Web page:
There are also problems in those shoes that provide an air pump that is activated by the walking of the wearer. These problems usually manifest themselves over the life of the shoe. In some cases, the ventilation orifices and valves that form a part of the pumping apparatus, become clogged with debris, permit moisture to enter the pumping space, or become inoperative because of the valve construction. In addition, the prior art shoes generally require the outer or bottom sole to be of the same material, which is usually a molded material, as the heel. This construction greatly limits the design freedom of the shoes.
Accordingly, this invention provides a novel construction for solving the above mentioned problems. The detailed content of this invention will become more readily apparent from a consideration of the following description and attached drawing.
FIG. 1 is a side elevational view of a shoe according to a first embodiment of the present invention with parts removed to illustrate in cross section certain aspects of the construction of the shoe;
FIG. 2 is an exploded, perspective view of the shoe depicted in FIG. 1;
FIG. 3 is a top plan view of the shoe depicted in FIG. 1;
FIG. 4 is a bottom plan view of the shoe depicted in FIG. 1;
FIG. 5 is a side elevational view of the shoe depicted before the bulging pad, which forms a part of the pumping assembly, is compressed;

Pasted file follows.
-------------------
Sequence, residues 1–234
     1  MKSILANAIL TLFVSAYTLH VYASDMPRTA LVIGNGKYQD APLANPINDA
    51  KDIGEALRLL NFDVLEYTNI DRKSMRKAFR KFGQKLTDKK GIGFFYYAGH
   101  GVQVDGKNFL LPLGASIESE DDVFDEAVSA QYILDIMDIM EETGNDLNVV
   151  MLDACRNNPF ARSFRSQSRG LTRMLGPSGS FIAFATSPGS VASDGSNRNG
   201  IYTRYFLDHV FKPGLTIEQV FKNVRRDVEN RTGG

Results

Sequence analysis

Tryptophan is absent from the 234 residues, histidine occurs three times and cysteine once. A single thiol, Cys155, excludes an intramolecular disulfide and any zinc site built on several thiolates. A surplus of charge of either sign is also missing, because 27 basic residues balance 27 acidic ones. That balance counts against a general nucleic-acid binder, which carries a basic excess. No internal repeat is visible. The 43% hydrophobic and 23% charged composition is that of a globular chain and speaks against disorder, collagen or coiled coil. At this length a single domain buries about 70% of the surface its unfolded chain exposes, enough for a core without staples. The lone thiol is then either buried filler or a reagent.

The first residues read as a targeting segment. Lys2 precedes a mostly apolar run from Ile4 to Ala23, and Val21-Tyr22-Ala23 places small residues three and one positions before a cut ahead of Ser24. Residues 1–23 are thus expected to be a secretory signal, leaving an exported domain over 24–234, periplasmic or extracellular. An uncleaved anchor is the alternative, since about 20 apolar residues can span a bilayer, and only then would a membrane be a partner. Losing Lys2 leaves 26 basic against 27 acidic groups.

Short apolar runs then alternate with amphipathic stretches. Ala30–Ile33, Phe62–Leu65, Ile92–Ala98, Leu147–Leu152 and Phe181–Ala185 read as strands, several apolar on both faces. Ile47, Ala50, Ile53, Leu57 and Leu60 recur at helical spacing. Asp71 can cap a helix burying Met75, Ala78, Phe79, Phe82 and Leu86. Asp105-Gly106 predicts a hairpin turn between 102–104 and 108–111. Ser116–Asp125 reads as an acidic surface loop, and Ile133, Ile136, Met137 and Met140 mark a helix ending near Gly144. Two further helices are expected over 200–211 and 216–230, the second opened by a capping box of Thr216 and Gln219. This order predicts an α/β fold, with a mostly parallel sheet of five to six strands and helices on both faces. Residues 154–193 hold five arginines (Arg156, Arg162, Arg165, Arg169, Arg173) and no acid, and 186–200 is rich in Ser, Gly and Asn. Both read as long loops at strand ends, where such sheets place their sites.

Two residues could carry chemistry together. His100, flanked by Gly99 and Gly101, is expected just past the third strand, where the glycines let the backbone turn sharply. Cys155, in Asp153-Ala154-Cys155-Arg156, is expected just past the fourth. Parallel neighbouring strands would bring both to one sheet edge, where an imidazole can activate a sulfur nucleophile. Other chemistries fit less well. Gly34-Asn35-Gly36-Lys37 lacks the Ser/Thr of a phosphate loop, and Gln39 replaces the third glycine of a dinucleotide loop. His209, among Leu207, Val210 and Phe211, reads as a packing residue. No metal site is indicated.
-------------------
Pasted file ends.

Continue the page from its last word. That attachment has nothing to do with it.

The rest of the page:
FIG. 6 is a side elevational view of the shoe depicted with the bulging pad in compression;
FIG. 7 is an exploded, perspective view of the bottom sole and heel of a shoe in accordance with a second embodiment of the invention;
FIG. 8 is a top plan view of the shoe parts depicted in FIG. 7;
FIG. 9 is a cross sectional view taken along the center line of a shoe incorporating the present invention, such as along line 9--9 in FIG. 8; and
FIG. 10 is a bottom perspective view of the inner sole of the shoe depicted in FIG. 9 showing the channel members and ventilation orifices.
With reference now to the figures in which like numerals depict like elements throughout the several views, and in particular with reference to FIGS. 1 and 2, a shoe 5 in accordance with a first embodiment of the present invention is depicted. Shoe 5 includes a conventional upper portion 4 and a sole portion comprised of a shoe heel 1 and a sole 2 manufactured by a conventional whole body molding process. A bulging pad 3, made of resilient material and which is round in plan view, is located on, and is resiliently mounted to, the bottom of heel 1, and several, spaced apart middle-sole supporters 21 are mounted on the upper surface of sole 2 between it and a middle sole 8. Middle sole 8, in turn, is mounted to upper portion 4 and the top of heel 1. Heel 1 has a fully enclosed, sealed hollow cavity 9 located therein which provides an air cell. Because supporters 21 are mutually spaced apart and space sole 2 and middle sole 8 apart, a jacket space 20 with a plurality of interconnected channels 22 (see FIG. 2) is created therebetween. Jacket space 20 and its channels 22 are in fluid communication with heel cavity 9 through a channel 61 completely through the front wall (as depicted in FIG. 1) of heel 1.